July 2022

General and Device-Specific Reasons for ENDS Use: A Qualitative Study with Adult ENDS Users.

Int J Environ Res Public Health 2022 06 2;19(11). Epub 2022 Jun 2.

School of Public Health, Georgia State University, Atlanta, GA 30302, USA.

Background: A scientific consensus on the public health impact of electronic nicotine delivery systems (ENDS) remains elusive. This is partly due to the wide variation in product characteristics often lumped together under one category. Research is needed to better understand what ENDS device type characteristics motivate their use by adults.

Methods: Nine focus groups of 32 current ENDS users who were 18+ years old, had used ENDS in the previous 30 days, and had been using ENDS for more than two months were held either in person or online between February and June 2020.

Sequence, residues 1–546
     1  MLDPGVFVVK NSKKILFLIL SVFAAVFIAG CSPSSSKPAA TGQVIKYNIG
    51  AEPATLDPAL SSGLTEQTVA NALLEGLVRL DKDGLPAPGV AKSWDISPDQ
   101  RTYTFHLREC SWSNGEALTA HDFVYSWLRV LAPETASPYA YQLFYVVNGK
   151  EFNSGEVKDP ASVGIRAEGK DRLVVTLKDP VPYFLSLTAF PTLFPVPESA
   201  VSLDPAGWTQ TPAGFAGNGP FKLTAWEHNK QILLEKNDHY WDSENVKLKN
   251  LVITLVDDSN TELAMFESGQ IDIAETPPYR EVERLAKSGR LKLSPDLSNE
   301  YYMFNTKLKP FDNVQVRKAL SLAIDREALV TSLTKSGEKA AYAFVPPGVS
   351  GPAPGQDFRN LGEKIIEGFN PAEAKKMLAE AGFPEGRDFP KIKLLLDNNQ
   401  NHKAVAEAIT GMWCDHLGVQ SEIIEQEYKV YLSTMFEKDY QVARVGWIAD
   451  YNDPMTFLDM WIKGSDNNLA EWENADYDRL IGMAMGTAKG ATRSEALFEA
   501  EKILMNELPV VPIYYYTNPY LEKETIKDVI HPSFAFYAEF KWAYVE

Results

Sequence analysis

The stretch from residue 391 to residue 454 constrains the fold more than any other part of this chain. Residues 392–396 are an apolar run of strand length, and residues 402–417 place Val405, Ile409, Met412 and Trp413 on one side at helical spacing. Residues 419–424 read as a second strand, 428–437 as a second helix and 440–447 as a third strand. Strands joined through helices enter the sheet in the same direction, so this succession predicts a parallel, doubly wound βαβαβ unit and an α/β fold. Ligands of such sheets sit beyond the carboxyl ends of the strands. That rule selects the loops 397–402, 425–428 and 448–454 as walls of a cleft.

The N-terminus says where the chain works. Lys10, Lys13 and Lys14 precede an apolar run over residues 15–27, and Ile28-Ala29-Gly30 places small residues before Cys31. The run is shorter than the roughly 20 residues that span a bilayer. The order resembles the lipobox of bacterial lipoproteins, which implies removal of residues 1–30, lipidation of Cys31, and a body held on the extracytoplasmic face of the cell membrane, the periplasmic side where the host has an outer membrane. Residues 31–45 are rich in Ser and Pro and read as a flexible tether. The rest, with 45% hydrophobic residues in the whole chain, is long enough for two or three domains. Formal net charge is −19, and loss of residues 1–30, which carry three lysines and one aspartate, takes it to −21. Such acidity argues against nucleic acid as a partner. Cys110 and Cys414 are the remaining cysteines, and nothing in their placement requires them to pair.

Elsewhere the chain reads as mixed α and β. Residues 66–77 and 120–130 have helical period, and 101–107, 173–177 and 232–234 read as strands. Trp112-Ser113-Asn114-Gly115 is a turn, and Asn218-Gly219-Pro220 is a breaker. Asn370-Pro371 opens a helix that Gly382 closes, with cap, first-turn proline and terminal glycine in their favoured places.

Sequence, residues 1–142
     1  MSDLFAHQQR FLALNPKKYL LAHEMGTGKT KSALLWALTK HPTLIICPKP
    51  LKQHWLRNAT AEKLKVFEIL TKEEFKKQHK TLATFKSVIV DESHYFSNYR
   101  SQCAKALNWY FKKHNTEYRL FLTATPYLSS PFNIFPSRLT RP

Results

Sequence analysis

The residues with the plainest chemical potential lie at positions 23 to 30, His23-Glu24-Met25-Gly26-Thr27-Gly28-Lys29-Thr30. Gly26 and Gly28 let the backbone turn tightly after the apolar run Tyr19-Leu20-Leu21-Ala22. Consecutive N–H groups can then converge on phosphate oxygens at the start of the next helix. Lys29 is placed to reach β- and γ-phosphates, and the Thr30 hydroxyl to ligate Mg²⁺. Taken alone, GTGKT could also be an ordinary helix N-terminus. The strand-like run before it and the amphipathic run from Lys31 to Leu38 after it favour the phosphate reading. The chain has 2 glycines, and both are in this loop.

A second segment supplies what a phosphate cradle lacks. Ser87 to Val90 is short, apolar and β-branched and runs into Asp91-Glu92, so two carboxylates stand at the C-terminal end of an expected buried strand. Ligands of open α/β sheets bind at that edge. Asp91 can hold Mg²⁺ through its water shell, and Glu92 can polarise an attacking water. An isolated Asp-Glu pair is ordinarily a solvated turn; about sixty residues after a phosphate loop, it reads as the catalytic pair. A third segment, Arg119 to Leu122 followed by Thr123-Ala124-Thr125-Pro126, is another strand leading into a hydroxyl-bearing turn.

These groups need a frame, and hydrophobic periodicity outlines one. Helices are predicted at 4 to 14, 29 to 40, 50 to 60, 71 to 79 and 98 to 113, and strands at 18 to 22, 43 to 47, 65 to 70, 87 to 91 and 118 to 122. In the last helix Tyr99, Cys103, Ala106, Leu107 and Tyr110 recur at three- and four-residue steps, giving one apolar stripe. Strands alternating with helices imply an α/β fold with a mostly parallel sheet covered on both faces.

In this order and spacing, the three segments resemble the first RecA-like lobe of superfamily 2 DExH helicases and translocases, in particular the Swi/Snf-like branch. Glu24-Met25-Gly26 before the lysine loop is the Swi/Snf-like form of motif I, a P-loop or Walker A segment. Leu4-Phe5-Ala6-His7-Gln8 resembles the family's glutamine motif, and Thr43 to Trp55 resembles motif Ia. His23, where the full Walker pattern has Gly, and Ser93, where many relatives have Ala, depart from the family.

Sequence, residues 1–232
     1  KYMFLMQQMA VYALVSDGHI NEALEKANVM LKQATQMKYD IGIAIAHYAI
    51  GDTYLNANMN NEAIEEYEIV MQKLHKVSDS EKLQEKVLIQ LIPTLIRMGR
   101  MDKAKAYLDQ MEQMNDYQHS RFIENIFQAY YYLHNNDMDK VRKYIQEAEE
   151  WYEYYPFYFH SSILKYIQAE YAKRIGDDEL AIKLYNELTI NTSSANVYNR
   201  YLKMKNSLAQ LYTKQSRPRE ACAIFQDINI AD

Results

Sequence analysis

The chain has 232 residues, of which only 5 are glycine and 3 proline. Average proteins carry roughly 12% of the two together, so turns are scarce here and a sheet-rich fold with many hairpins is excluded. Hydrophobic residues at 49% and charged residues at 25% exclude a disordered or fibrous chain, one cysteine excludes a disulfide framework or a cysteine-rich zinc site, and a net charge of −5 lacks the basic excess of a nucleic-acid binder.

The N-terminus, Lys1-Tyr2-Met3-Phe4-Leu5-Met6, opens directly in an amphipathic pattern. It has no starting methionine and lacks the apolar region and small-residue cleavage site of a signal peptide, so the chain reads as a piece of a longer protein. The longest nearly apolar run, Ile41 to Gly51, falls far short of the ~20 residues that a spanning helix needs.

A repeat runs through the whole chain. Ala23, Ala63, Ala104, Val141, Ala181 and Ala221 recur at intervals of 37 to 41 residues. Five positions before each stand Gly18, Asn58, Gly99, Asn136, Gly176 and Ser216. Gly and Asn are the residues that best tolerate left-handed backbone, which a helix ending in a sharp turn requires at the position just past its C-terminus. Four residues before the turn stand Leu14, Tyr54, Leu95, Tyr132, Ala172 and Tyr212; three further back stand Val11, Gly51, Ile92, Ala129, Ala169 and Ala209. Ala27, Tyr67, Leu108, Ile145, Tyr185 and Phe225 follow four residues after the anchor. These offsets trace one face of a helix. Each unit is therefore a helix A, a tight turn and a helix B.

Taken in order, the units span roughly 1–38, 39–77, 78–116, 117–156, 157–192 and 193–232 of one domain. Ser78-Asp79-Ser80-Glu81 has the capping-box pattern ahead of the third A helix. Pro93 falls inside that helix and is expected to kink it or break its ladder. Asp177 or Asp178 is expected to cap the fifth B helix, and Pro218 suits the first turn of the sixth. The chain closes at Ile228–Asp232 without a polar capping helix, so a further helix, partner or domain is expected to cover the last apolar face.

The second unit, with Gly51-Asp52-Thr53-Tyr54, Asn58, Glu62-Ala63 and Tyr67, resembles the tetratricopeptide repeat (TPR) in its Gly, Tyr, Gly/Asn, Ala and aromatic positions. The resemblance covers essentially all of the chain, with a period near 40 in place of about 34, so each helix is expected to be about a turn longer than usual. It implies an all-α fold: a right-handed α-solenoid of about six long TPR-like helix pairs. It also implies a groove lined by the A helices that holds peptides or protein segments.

Results: Participants' reasons for their choice of ENDS characteristics included both general, applying to all ENDS products, and specific, relating to particular ENDS devices. Health benefits and the lack of offensive odor were commonly identified as important reasons for using ENDS in general. Flavor and product discreteness were both general and device-specific determinants of ENDS use. Conversely, nicotine delivery, cloud size, battery properties, aesthetics, ease of use, and cost were device-specific drivers of participants' choice.

Conclusions: The reasons that adults choose to use ENDS are complex and sometimes related to both ENDS as a category and as specific ENDS product types. Regulations and public communication campaigns should reflect their ultimate objective and consider both general and specific motivations when attempting to achieve public health objectives.
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http://dx.doi.org/10.3390/ijerph19116822DOI Listing
http://www.ncbi.nlm.nih.gov/pmc/articles/PMC9180821PMC